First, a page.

"The truth is," she says at the end of Diary, "after a year on the road, I know why the other guys lost. But I still don't know why John Kerry was the winner."

Kerry will win a close election because out-of-power partisans will be more motivated. I’ve heard so much anti-Bush, hate-Bush, Bush is evil and so on and so on and so on that it is pretty clear they have the motivational edge right now.

I don't see him winning in a big landslide because he simply isn't an inspirational figure. If a hard-core Democrat like Alexandra isn't wild about him then I don't see swing voters being all that excited either.

Truth in blogging: I’m a Bush supporter and plan to vote for Bush. I respect Kerry’s service in Vietnam and in the Senate. I disagree with how he acted when he returned from Vietnam and his record in the Senate. But he has the right to hold those views and that is what makes America the great nation that it is. Now, is this the rantings of a rabid anti-Kerry person? I blog, you decide.

As for his candidacy, I don’t believe you can build a campaign around, “I served in Vietnam so I know what to do.” Instead, I look at his Senate record and he hasn’t been strong on national security issues. As much as Iraq has not been handled well by the Bush team, I’m not convinced Kerry would do any better. What is his position really?

He claims: I'll get more allies. Are the French and Germans really going to help?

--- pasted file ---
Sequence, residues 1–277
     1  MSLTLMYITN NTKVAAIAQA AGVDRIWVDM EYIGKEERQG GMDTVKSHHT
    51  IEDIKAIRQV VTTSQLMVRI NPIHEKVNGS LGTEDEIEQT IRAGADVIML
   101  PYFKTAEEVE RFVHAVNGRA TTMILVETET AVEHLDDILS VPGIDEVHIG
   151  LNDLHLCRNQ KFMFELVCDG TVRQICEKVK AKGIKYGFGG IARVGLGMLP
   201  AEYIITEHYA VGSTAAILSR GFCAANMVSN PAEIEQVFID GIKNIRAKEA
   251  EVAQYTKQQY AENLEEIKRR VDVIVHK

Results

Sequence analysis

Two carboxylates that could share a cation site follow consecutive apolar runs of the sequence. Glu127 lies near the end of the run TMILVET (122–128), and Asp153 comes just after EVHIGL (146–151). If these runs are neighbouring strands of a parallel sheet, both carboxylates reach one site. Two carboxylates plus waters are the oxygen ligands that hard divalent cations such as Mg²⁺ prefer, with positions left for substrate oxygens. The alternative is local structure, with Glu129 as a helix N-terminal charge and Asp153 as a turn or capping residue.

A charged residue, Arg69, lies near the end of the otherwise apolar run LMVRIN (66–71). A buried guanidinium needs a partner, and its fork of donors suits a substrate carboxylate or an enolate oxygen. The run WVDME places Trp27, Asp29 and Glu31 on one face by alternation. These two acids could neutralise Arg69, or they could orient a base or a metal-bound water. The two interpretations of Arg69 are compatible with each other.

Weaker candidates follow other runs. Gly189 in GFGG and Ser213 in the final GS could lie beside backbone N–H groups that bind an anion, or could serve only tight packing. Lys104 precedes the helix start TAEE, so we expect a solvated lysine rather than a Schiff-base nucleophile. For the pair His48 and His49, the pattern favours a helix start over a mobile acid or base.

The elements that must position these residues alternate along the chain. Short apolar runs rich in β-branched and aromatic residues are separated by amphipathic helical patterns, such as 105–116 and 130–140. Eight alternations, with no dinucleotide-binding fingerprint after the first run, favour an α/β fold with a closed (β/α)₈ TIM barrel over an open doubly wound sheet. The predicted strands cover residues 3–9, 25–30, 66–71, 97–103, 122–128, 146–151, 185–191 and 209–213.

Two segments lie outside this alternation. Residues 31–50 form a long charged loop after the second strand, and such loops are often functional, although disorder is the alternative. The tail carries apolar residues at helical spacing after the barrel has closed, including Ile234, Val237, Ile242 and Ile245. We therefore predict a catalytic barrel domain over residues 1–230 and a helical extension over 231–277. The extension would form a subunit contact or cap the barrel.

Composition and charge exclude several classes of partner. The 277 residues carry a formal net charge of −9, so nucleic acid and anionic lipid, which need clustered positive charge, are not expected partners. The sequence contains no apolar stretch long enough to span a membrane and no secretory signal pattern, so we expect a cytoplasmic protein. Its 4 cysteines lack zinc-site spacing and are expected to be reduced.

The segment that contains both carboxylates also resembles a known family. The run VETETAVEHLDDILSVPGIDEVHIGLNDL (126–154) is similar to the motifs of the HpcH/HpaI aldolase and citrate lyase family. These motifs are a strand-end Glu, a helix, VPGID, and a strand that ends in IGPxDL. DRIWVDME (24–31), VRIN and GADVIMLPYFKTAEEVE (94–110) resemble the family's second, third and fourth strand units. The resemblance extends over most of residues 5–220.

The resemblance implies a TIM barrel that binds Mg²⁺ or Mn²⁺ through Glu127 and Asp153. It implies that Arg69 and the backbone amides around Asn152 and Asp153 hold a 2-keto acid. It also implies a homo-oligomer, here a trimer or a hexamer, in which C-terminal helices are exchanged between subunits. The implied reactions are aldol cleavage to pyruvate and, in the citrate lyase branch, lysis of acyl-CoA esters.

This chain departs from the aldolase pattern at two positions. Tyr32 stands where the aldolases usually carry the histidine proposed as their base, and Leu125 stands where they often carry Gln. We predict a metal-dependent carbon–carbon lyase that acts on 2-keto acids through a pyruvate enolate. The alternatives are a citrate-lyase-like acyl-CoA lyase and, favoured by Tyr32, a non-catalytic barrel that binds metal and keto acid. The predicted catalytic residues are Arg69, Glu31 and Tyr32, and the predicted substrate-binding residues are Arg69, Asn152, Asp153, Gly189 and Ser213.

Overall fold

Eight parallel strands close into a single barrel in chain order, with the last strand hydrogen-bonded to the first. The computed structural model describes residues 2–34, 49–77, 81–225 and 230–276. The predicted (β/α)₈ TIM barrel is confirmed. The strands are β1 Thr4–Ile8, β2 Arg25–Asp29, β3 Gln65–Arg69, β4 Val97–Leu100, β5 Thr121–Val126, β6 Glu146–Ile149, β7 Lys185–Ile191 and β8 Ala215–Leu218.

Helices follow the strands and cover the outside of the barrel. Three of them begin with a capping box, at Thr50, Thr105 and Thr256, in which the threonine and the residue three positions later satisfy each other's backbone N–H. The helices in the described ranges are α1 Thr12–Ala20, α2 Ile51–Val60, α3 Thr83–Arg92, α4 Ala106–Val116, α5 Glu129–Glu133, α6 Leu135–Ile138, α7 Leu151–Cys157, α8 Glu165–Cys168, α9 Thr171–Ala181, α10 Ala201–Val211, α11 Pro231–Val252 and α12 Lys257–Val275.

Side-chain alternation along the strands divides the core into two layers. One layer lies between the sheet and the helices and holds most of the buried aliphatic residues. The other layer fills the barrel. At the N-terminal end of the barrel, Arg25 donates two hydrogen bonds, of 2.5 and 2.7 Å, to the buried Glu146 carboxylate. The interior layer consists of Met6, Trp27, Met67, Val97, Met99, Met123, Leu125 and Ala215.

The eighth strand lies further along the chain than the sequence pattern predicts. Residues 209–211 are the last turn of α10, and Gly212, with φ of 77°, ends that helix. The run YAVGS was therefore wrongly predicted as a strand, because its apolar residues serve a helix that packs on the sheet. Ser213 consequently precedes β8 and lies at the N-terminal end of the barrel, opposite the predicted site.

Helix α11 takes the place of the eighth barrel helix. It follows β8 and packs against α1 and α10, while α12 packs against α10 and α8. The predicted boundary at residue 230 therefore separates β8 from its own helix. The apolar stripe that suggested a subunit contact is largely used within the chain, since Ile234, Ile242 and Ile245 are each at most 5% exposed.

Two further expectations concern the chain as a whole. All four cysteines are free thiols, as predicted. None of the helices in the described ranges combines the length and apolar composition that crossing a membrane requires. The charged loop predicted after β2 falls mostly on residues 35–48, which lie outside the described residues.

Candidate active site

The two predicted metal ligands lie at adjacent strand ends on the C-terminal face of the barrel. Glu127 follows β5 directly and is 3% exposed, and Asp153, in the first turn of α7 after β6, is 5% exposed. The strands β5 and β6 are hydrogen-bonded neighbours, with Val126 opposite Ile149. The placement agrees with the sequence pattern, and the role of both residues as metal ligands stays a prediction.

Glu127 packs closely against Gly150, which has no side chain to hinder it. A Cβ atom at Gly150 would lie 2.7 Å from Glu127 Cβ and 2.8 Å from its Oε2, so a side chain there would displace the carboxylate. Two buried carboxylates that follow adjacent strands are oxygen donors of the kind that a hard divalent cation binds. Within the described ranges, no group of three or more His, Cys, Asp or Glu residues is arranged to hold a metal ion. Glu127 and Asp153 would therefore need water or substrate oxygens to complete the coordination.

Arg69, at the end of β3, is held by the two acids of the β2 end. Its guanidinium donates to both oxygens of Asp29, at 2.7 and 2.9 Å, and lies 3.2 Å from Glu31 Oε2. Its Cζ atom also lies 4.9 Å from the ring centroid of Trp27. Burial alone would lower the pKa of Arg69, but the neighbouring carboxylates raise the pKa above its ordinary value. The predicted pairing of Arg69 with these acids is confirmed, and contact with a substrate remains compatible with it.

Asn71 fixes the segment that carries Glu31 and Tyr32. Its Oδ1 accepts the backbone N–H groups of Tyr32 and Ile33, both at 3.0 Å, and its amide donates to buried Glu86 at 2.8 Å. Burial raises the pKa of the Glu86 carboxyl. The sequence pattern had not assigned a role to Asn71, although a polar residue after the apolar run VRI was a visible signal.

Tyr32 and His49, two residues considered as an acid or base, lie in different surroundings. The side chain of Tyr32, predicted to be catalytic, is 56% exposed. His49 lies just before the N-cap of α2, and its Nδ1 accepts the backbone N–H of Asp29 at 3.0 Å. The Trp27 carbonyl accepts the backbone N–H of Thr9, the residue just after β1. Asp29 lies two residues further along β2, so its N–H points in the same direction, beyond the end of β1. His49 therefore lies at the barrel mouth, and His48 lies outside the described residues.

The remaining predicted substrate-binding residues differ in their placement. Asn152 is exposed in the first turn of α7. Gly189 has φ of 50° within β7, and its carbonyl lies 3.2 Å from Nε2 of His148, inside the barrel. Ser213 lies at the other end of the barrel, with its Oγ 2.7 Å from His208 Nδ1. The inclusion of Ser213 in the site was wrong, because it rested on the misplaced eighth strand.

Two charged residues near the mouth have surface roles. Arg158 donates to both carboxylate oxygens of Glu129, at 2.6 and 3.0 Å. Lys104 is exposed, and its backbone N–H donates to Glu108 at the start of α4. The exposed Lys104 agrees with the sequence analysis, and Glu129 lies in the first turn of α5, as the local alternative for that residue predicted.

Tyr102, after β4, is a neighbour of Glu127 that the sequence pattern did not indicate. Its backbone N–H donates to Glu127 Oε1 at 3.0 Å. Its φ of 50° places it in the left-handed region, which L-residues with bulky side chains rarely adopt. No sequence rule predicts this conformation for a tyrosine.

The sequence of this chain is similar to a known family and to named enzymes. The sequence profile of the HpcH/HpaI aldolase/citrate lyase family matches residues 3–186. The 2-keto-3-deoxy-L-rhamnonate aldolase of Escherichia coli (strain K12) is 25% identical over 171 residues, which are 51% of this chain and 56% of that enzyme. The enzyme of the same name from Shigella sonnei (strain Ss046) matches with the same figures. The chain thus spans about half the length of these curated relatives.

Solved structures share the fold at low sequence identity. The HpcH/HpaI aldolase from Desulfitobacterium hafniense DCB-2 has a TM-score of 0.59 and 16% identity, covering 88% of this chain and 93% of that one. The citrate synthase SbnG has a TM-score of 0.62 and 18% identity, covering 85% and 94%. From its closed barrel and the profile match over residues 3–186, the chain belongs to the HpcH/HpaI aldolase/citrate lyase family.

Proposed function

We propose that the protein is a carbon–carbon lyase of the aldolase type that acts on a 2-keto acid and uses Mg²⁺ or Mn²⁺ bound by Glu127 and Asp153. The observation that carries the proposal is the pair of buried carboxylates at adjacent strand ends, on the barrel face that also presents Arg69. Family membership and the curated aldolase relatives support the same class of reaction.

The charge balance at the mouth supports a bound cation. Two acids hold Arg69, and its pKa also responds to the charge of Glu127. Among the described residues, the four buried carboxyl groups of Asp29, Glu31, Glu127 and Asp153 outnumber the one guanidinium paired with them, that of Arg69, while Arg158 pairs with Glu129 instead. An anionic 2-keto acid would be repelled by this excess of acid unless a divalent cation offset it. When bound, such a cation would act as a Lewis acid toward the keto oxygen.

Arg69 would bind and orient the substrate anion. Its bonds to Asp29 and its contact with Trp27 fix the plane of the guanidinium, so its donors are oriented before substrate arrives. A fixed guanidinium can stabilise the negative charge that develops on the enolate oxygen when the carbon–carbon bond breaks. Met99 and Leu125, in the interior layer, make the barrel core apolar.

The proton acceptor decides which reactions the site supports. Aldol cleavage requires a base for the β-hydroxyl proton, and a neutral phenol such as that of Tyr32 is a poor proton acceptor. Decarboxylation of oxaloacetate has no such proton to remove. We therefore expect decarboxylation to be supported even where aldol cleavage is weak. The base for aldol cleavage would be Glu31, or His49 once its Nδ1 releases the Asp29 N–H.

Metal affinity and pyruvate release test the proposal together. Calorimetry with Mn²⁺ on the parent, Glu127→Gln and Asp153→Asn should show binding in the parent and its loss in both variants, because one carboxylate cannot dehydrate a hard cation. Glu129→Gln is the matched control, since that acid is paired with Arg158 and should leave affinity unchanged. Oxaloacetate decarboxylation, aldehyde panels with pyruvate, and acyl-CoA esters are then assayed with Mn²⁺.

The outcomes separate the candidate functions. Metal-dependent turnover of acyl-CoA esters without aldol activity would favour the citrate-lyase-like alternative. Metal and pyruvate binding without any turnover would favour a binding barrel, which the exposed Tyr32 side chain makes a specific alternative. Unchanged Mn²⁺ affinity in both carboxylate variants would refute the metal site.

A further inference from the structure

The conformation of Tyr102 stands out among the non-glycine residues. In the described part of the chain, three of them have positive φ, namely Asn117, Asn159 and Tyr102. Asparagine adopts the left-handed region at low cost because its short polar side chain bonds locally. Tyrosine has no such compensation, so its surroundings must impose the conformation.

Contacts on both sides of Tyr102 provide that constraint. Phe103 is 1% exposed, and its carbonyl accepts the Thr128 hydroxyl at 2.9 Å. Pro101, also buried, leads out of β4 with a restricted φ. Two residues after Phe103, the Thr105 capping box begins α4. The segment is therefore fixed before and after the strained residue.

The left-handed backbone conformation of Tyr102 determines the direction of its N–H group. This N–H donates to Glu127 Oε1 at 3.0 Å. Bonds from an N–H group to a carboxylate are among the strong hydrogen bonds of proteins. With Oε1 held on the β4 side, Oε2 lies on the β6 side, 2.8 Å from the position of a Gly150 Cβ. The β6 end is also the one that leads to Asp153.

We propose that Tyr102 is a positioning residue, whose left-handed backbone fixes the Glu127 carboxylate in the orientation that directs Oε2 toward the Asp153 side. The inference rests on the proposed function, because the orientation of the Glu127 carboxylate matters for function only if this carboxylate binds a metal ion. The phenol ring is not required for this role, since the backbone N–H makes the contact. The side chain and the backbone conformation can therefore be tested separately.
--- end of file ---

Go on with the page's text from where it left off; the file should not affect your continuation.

He claims: I'll train the Iraqis faster. Umm, you think the Bush team is deliberately training them slow?

Certainly, in Kerry's most recent public statements, he has sounded a lot tougher. But some of his statements in the recent past and pandering to the anti-war wing of the party during the primaries don't give me confidence in the solidity of his view on this subject.

Bush can go onto re-election if in the next two debates he makes his case more clearly and firmly and the new efforts to bring the insurgency under control prove successful. I think the economic numbers are okay not great but probably good enough that it doesn’t work for one side or the other. If the numbers were worse, Bush is done.

Thus, it will come down almost exclusively about Iraq and whether Bush can inspire confidence among those undecided voters who are concerned that he got us into a situation he can’t deal with.

As I've said, I'm a Bush supporter. But to tell you the truth, if Iraq calms down and the January elections are modestly successful and still Bush is packing up to leave the WH, I think Bush will ride off to the ranch happy. Sure Bush will be disappointed, he doesn't want to lose (who does?), but you know, I think W will go home to Crawford a happy man because the Iraqi people suffered enough and he did something to help them out.

Just the opinion of one righty on the lefty-coast,

P.S. I'm going to liveblog the 2nd debate over at my other blog.